Long ago, television was blamed as the source of children’s negative attitudes, behavioral problems and physical detriments like obesity. The term “Couch Potato” was coined then coined, to describe someone who sits in front of the television all day long. Spending so much time in front of the TV has been said to increase one’s idleness, and decrease his physical activities and critical thinking.
However, in today’s world, computers have caught up with television sets; we live in an era of the digital natives. With the invention of the internet, the world is at our fingertips.
It is not surprising to find people who spend their time in front of the computer all day long. This digital era is the birth of the new term, “Mouse Potato”.
There has been alarming reports of how inactivity in children has drastically increase. Not to mention, children obesity rates has doubled in the last thirty years. Based on a study done by the American Obesity Association, there are 25% of children who are found overweight.
Based on the above statistics, parents should do something to combat the threats of their children turning into “mouse potatoes”. While it is true that the online world can offer information to children, spending too much time on the computer can have detrimental effects.
Technology has helped us in so many ways in terms of our lifestyles. However, it can be damaging if it is not used in moderation.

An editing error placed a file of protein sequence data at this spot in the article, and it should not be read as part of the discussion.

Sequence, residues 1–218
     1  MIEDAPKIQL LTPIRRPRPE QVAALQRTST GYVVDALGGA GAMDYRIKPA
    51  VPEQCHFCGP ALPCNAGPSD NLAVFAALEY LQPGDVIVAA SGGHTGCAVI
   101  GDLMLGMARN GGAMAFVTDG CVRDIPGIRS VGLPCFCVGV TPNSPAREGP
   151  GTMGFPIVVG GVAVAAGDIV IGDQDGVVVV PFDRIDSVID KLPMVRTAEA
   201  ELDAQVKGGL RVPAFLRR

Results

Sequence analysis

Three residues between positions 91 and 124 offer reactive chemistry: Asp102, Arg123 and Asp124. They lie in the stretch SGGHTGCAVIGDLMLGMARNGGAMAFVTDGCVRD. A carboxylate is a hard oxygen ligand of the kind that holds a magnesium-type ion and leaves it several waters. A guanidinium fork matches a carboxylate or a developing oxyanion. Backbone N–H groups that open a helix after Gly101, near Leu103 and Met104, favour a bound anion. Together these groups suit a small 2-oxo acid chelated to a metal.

What can parents do
Setting computer rules at home will help prevent your child from being glued to the computer. Allocate specific time slots for children to use the computer. This will encourage them to prioritise their needs, and use the computer more more effectively, instead of surfing aimlessly.
You can also provide software that will protect children from spam and other malicious virus or pop-ups online. One example will be Norton Online Family. Parents could also initiate other physical activities which could be a form of bonding and diversion away from the computer.
With such easy access to the internet these days, parents not only need to set rules to regulate the use of computer time, they also need to monitor their child’s web traffic, to protect them from any potential online predators.
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